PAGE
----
Building a rock climbing wall in the home or in a large space for commercial use does not have to be difficult, but several important considerations need to be taken into account before construction of the wall begins. The most important considerations are space and cost, as both will have an immediate effect on how, where, and when the wall is built. Consider, too, who will be using the wall and for what purposes; and finally, consider building codes and safety, before, during, and after building a rock climbing wall. Every climbing wall should be equipped with the proper safety equipment, and such equipment should be considered part of the initial cost of building a rock climbing wall.
Many climbing enthusiasts take on the task of building a rock climbing wall in the home, which immediately places space constraints on the project. A larger home may have the space for a full size climbing wall either inside the home or outside of it, but most homes don't have such space. A good alternative to a full-sized wall is the bouldering cave, which is essentially a miniature rock climbing wall that can be built into a small room. The bouldering cave usually has four walls as well as climbing holds on the ceiling so the climber can climb horizontally, and crash pads or mattresses are placed on the floor should the climber fall. If space is limited, a bouldering cave is a smart alternative to building a rock climbing wall at full scale.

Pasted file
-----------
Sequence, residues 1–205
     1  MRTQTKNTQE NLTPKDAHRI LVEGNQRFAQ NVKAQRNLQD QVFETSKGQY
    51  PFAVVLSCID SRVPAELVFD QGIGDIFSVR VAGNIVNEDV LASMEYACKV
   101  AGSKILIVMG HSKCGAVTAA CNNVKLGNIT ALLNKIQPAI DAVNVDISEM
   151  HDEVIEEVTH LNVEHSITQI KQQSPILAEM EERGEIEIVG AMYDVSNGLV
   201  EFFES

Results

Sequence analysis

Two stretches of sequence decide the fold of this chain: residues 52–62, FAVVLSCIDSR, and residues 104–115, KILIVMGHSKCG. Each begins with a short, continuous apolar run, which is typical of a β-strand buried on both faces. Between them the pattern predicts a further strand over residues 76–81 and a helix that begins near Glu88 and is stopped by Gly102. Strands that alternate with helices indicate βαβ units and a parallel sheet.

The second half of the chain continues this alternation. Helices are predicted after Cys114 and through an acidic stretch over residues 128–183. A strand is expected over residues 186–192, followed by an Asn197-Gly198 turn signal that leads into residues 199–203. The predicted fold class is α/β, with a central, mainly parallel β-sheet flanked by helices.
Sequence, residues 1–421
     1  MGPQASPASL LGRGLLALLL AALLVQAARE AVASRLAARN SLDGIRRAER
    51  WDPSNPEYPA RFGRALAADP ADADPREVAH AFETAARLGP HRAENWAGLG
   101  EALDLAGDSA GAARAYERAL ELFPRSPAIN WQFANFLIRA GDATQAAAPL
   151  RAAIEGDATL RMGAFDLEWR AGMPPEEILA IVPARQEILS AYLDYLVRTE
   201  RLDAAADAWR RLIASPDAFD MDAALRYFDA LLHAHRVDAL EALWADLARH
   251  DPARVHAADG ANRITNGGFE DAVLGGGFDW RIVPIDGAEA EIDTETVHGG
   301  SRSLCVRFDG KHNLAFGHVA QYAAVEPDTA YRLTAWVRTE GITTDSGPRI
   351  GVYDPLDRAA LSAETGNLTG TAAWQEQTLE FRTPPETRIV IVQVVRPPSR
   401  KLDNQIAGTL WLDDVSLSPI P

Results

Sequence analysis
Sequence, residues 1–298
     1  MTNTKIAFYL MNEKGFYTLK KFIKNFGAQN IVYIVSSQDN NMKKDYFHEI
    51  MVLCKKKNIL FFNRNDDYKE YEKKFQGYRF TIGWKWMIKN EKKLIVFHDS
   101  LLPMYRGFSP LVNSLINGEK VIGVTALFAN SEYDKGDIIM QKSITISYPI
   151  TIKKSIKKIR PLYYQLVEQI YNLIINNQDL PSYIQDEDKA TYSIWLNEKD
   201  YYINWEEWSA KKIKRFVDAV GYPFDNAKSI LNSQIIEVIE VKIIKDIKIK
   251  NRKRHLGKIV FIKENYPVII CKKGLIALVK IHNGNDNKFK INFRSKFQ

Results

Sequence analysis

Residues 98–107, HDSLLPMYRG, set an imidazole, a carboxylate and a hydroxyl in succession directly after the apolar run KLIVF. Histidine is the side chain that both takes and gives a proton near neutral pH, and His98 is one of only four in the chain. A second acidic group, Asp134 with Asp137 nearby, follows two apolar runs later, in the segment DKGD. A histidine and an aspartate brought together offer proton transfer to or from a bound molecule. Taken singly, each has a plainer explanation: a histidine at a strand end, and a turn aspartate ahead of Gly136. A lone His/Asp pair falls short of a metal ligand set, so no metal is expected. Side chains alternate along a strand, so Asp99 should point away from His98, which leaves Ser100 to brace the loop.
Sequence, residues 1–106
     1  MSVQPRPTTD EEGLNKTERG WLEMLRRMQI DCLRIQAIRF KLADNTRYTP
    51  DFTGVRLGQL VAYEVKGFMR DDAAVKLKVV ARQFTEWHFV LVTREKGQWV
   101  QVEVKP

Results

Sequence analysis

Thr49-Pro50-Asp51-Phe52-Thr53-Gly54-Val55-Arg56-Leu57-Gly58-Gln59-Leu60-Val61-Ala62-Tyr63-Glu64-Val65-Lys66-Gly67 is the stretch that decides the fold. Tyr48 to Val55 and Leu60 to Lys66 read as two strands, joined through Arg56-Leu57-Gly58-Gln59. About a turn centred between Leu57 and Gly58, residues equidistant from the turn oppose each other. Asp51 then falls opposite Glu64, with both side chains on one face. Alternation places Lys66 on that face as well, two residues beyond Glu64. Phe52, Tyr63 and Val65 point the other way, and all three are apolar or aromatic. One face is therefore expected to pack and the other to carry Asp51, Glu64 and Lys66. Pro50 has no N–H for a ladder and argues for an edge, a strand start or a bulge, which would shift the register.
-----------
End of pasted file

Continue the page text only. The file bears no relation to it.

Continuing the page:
The builder's budget will also play a big role in dictating the size and shape of the wall. While the wood, t-nuts, and holds are the major expenses of the project, the builder should also consider other items necessary for good construction, such as textured paint, safety equipment — such as ropes, harnesses, crash pads, and so on — tool purchase or rental, and miscellaneous nuts and bolts.
Once the wall has been built, the builder now needs to plan out the climbing routes on the wall. This can be a time-consuming but fun project, and it requires a fair amount of forethought to do effectively. A smart climber will try to plan general routes before building a rock climbing wall so he or she can figure out where permanent fixtures, such as outcroppings and angles, might need to be placed. Once the builder has a general idea of where routes will go, the wall can be built, and more specific routes can be planned on the wall.